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Chapter 7: Exchange (DD)


Please make some notes today on those aspects of exchange that escape the attention of the economists, because it is impossible to collect any reliable statistics about them. I am referring to transactions that range from the legal and socially expected, such as tipping in restaurants, to explicitly illegal transactions that we term bribery and corruption. Of course there may be a broad grey area in between and even contemporary European cultures vary in the extent to which transgressions of the official bureaucratic code may nonetheless be socially acceptable. Try to talk with local people old enough to remember the importance of ëinformalí exchanges in the socialist period, and ask them to compare these with the patterns that prevail today.

Figure 23: The local clothes market

Though they were hardly old enough to meet Dr. Dylagowaís criterion, Maria and Wlodek had strong but diverging views on how people had coped with shortages in socialist days. They agreed that personal links had been vital in everyday life, e.g. to obtain supplies of meat from rural relatives, and also to get things done in the bureaucracy. It was common to acknowledge a favour by leaving a bottle of vodka, or indeed by opening it on the spot for immediate consumption, which had had disastrous effects on the productivity of the workforce in many factories and officies. Wlodek took the view that such exchanges had created strong bonds of reciprocity and genuine friendships, even between people whose social backgrounds and class position were quite different. In a system in which even petrol was a scarce good, lorry drivers with access to more than they needed might become the mates of university professors. The latter might offer some bureaucratic intervention or nomination for space at a socially owned holiday home in return. This was not seen as corruption, but as an exchange of favours in a context in which money income did not play a decisive role. Nowadays, in contrast, it was common knowledge that some officials took cash bribes, and this created a hierarchical relationship, devoid of any basis in friendship.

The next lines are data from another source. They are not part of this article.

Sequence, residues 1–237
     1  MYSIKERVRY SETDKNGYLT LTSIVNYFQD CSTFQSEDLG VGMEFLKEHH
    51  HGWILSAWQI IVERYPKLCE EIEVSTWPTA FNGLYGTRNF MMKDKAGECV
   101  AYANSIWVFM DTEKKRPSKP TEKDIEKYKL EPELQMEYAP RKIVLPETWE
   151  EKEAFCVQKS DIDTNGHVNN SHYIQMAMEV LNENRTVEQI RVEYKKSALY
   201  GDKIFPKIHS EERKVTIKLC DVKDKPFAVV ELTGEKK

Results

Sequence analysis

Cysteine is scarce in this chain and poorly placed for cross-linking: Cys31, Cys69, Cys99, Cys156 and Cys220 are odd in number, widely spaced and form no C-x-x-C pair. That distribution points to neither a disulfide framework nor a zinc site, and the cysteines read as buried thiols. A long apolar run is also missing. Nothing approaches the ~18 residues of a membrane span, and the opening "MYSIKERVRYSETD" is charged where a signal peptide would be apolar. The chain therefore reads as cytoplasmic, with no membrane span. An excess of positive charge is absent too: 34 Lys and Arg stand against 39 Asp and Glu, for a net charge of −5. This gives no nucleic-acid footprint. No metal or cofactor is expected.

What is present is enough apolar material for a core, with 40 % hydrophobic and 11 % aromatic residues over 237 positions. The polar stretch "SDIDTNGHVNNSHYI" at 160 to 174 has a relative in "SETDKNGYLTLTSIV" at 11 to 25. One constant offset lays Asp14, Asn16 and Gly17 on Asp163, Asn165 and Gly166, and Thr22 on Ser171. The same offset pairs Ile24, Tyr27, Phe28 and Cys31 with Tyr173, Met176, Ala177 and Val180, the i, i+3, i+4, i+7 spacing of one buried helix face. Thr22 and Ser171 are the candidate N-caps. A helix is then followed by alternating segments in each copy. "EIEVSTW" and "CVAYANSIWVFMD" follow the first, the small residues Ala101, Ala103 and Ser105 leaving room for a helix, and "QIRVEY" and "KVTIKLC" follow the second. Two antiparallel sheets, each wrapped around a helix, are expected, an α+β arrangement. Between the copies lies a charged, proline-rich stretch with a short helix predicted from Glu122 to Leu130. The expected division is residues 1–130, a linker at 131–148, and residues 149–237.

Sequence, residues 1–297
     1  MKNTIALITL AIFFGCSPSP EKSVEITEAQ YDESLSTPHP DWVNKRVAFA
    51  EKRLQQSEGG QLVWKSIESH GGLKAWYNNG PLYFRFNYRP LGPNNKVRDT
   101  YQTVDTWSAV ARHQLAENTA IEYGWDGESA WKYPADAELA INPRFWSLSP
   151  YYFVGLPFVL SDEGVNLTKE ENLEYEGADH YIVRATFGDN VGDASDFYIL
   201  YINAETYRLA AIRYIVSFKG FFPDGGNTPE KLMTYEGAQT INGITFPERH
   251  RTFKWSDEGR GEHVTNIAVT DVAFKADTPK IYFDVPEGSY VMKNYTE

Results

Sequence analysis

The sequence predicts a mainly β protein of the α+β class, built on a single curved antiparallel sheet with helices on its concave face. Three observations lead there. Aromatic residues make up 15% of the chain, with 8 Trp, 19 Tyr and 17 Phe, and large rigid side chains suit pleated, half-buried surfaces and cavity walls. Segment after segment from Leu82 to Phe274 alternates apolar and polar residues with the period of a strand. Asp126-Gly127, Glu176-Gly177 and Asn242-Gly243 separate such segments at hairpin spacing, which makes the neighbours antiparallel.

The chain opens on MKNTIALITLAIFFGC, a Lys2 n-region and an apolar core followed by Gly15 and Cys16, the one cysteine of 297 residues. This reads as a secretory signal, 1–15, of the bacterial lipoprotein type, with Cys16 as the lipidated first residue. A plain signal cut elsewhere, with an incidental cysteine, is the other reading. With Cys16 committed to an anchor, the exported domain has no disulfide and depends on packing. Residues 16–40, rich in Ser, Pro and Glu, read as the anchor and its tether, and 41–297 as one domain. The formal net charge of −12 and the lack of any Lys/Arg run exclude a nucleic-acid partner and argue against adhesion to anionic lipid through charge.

But Maria argued that all this was wishful thinking. In fact, she said, the socialist economy of shortages had not had such levelling effects. Rather, it had forced people to be instrumental about everything, including their personal friendships. There was therefore no need to be nostalgic. Corruption, she said, had been prevalent all the time, but at least it was easier to recognise it now. Prices were high, but everyone knew where they stood.

The conversation continued to focus on the economic changes that had taken place in Poland since the end of communism and Maria and Wlodek continued to disagree. She emphasised that not only had the overall standard of living risen but people had much more choice as to how they spent their money. Wlodek pointed out that incomes had fallen dramatically during the early years of postcommunism and people had come to feel fundamentally insecure. For example, his father had lost his job and, given his age, had little prospect of ever finding another. Social inequalities had greatly increased. Wlodek was unimpressed by the proliferation of new consumer opportunities. ëFor one thing, all this modernisation is mostly limited to a few big cities. Itís all very well for a few thousand people in Cracow to live as if they were Germans or even Californians, but for millions of people in our villages things have barely changed at all. In fact theyíve probably got worse. Anyway, I find thereís something shameful, even humiliating, in all this talk about Poland becoming integrated into Europe. This integration is just turning the whole world into one big supermarket. Who really wants it?í

Maria needed to buy some household goods, which were more cheaply available at a nearby ëwholesaleí centre. Ania could not understand that ordinary individual shoppers could make purchases at such centres. Maria snapped at her: ëI suppose you think we're not yet advanced enough to have wholesale merchants!í ëThat's not what I meant at all,í said an embarassed Ania. She tried to mend fences by offering to pay for some of the goods that Maria loaded into her trolley on the grounds that she was now a regular visitor to the household and should make a contribution. Maria refused and seemed even more irritated. Later they went out to supper in a bar named Galicia. They washed it down with several bottles of Galician beer. This time Ania was allowed to pay the bill for everyone, to her immense relief.

Figure 24: Galicia bar

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